After rejecting two earlier rounds of bidding by smaller airlines hoping to provide commercial service in Tupelo, city and airport officials might have an offer they like.
Air Choice One and Silver Airways turned in their bids, and Tupelo Regional Airport Executive Director Josh Abramson said he likes what he sees in Silver.
“It appears Silver has the better offer,” he said.
That better offer doesn’t mean more flights out of Tupelo. In fact, Silver’s two options are 12 roundtrip flights or 18 roundtrip flights, while Air Choice One is offering 24 roundtrip flights.
However, the biggest difference is that Silver is flying 34-passenger Saab 340 turboprop aircraft to Atlanta, while Air Choice is offering either an 8-seat Piper Navajo, an 8-seat Jetstream or a 9-seat Cessna Cessna Caravan to Memphis. In another option by Air Choice, it would use an 18-seat Jetstream in its second year of service.
Both airlines are hoping to land a two-year contract with the U.S. Department of Transportation’s Essential Air Service program, which now pays Delta $1.6 million to provide service.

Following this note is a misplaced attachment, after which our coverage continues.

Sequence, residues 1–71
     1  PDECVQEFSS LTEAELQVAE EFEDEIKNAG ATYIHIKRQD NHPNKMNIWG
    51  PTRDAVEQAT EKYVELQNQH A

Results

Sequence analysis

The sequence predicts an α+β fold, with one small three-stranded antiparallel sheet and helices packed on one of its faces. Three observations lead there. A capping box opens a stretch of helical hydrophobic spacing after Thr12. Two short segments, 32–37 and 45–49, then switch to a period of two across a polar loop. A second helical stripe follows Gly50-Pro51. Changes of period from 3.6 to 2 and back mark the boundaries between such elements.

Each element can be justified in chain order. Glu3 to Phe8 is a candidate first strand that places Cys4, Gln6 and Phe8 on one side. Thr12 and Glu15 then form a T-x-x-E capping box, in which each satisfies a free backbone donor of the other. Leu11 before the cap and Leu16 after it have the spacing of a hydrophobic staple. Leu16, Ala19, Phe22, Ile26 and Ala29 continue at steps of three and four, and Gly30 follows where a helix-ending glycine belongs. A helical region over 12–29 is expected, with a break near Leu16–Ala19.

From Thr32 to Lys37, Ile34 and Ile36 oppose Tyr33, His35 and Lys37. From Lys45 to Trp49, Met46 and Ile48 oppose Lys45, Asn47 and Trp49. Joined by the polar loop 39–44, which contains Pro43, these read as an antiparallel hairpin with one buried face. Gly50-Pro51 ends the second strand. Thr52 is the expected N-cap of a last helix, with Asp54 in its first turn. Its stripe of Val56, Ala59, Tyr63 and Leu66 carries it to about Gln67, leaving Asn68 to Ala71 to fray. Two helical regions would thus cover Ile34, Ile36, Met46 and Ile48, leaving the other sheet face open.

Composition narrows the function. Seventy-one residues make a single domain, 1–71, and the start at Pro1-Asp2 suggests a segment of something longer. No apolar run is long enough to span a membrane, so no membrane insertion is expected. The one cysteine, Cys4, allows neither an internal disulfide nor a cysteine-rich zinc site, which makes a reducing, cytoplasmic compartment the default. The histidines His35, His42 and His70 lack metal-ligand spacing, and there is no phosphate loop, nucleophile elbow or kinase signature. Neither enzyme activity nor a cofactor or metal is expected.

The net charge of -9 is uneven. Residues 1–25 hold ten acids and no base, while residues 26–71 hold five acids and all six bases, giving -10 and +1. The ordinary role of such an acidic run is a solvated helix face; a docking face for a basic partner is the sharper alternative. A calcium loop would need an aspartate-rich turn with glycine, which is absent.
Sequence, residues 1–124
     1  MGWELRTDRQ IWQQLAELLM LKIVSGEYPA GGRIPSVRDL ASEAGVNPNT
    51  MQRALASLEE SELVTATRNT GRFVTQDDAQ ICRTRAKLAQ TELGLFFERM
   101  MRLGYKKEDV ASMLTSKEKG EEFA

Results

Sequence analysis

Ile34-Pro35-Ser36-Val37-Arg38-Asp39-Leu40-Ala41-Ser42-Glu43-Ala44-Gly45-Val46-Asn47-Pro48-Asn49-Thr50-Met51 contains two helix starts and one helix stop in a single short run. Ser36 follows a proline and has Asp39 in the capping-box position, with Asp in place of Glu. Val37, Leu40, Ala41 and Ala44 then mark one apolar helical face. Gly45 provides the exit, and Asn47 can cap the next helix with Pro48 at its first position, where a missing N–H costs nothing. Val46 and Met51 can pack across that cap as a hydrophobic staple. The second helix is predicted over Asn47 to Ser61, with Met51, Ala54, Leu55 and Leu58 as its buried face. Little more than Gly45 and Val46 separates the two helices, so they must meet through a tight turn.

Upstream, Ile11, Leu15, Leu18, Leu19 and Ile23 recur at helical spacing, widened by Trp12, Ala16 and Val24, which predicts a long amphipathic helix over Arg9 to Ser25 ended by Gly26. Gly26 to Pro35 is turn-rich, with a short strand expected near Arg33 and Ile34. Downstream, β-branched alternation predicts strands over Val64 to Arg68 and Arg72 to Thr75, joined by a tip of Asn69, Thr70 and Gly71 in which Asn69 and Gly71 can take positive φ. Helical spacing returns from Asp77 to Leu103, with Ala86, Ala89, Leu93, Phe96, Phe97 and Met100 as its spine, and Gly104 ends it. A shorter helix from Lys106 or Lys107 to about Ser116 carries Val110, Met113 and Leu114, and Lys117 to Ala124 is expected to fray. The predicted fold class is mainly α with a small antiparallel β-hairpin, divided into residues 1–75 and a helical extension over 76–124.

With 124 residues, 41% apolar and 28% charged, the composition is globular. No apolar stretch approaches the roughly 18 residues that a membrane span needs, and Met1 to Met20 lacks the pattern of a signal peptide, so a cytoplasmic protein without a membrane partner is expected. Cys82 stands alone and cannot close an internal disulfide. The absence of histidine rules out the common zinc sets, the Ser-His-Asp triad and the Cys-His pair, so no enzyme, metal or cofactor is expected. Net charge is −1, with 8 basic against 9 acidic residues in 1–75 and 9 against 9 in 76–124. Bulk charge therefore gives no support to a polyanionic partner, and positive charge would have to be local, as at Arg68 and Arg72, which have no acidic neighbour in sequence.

Delta only is obligated to provide a minimum of 12 weekly roundtrip flights to Memphis on its 50-passenger CRJs.
The Transportation Department will accept public comments through May 1, and Abramson said he would begin working with city and airport officials on responses to both offers.
But, he thinks Silver is preferable.
After all, the airline is working on an interline agreement with Delta, which would allow the airlines to have connecting itineraries. Also, Delta would handle baggage handling for Silver. Finally, Silver also said it negotiating with Delta to participate in its SkyMiles program.
While the comments will be taken into consideration, it may boil down to economics.
The Essential Air Service program subsidizes service in some 150 airports nationwide for about $180 million annually. EAS communities in Mississippi include Greenville and Hattiesburg. And Congress has threatened to eliminate it all together.
Silver’s 18-roundtrip option would require a $4.5 million subsidy over two years, while its 12-roundtrip option asks for a little more than $3 million.
Air Choice One’s six options would require subsidies ranging from $3.4 million to $6.5 million over two years.
DOT says it will “formally solicit the communities’ views on any service options we receive before making a long-term, carrier-selection decision.”